The basic machine learning life cycle is a straightforward process that takes a complex machine learning model from concept to deployment. Machine learning algorithms may seem like mysterious artificial intelligence (AI) programs, but creating one is fundamentally a process of using data to train an algorithm to make predictions.
The basic machine learning life cycle
Most machine learning life cycles usually include a few basic stages: planning, training, and deployment. These stages can be broken down into six more specific steps. Once developers reach the last stage, they go back to the beginning to start the cycle again and see how they can improve the model, even after deployment.
1. Establish the model objectives
The first step in the basic machine learning life cycle is establishing the objectives of the machine learning model. Developing a machine learning model can be a long and work-intensive process, so it is important to have a clear goal from the beginning.
Consider asking the following questions:
- What will the model ultimately be used for?
- What need or task is it supposed to fill?
- Why use machine learning to fill this need?
Developers should clearly establish what they are hoping the model will do when it is finished. A key part of this stage is creating a concrete, measurable success metric for the model.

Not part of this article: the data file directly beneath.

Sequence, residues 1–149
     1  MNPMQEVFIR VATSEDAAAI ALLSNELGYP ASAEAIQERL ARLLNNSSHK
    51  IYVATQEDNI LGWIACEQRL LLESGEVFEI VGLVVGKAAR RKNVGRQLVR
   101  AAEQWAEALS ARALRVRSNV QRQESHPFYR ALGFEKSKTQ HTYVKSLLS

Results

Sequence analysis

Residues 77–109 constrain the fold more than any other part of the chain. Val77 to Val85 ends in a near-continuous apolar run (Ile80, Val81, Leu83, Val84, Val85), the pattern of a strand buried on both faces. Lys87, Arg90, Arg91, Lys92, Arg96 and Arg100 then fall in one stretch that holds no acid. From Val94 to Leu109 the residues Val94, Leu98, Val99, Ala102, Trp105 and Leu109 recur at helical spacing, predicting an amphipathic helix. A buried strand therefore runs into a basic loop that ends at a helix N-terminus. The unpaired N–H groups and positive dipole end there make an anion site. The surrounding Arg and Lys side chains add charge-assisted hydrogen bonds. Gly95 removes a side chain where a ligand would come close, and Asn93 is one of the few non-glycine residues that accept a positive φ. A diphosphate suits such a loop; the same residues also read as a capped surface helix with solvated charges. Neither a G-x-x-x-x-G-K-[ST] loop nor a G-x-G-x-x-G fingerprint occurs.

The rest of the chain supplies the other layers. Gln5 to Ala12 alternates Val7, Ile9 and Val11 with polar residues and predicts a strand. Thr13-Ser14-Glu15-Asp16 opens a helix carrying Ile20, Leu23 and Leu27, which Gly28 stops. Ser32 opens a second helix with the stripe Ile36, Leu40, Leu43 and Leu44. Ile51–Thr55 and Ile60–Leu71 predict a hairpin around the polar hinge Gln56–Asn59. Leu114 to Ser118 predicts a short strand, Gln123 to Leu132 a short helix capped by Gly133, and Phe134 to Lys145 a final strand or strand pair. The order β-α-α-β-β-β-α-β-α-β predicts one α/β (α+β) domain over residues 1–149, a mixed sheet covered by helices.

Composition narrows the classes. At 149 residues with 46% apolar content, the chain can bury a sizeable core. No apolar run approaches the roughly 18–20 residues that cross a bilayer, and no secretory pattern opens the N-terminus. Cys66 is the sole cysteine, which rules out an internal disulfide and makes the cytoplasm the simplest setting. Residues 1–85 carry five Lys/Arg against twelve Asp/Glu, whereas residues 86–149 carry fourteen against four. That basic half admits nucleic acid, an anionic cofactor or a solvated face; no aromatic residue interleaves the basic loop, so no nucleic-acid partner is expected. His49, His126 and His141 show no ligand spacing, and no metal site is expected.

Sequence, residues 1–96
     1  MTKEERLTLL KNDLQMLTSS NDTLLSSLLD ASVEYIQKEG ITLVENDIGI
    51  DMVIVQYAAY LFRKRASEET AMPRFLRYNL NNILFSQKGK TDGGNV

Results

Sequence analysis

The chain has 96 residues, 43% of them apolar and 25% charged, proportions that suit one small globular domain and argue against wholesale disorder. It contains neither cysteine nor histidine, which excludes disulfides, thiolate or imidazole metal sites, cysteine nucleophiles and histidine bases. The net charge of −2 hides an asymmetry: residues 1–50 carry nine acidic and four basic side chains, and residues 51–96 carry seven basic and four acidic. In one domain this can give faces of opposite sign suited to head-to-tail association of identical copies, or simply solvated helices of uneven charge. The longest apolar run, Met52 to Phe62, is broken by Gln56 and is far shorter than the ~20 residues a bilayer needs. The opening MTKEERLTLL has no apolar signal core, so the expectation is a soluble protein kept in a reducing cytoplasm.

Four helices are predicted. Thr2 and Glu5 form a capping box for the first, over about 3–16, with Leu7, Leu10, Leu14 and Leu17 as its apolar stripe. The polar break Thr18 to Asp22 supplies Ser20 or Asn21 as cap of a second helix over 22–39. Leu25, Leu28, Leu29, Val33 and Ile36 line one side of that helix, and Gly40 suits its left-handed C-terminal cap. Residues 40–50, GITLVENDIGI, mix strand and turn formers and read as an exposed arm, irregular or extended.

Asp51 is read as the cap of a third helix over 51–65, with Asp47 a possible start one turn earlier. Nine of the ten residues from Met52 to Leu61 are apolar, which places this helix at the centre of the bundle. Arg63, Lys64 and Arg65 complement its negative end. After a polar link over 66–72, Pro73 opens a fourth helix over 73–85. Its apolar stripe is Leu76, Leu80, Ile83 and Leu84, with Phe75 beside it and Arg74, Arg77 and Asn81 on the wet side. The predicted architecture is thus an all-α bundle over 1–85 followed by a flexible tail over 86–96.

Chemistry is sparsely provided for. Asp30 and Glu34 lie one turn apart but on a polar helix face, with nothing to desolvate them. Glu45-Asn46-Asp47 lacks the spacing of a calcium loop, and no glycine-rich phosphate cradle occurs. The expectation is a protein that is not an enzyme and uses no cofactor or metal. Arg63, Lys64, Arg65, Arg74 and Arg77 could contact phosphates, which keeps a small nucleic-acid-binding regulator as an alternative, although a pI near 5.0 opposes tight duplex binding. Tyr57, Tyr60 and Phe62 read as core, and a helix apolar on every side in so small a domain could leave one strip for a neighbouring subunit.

For example, say a developer wants to create a machine learning model that will help with retail customer service. The measurable end goal for the model could be along the lines of “reduce customer service wait times by two minutes or more per inquiry,” or something similar.
Establishing a clear, measurable objective gives the entire development team a direction to aim for and a context to base decisions around.
2. Gather and prepare data
The next stage in the machine learning life cycle is gathering and preparing the data that will be used to train the model. It is not uncommon for this to be the longest stage in the development process.
Depending on the type of machine learning model, developers will curate data sets for training and testing the model. For an image recognition model, these might be certain kinds of pictures. For a data analysis model, it would be snippets of numerical or text data.
Then, an important part of this stage is annotating and “wrangling” the data. Most AI models today require very specific instructions on how to analyze and use data, and these steps help ensure that the model learns the right conclusions from the training data.
By annotating the data and analyzing it for consistency and accuracy, developers can minimize the likelihood that the model will learn biases, which could cause it to malfunction after deployment.
3. Build and train the model
The actual building process is the most code-intensive part of the machine learning life cycle. This stage will be mainly run by the programmers on the development team who will design and assemble the algorithm itself.
Training a machine learning algorithm can take some time, but it usually involves running data sets through the algorithm numerous times. Each round, the algorithm gets better at recognizing the patterns in the data and learning from them.
Developers have to keep a close eye on things during the training process, though. If there are any underlying biases in the training data, it is important to catch them as early as possible. As such, developers use parameters or “hyperparameters” to optimize the aspects of a data point on which the model should focus.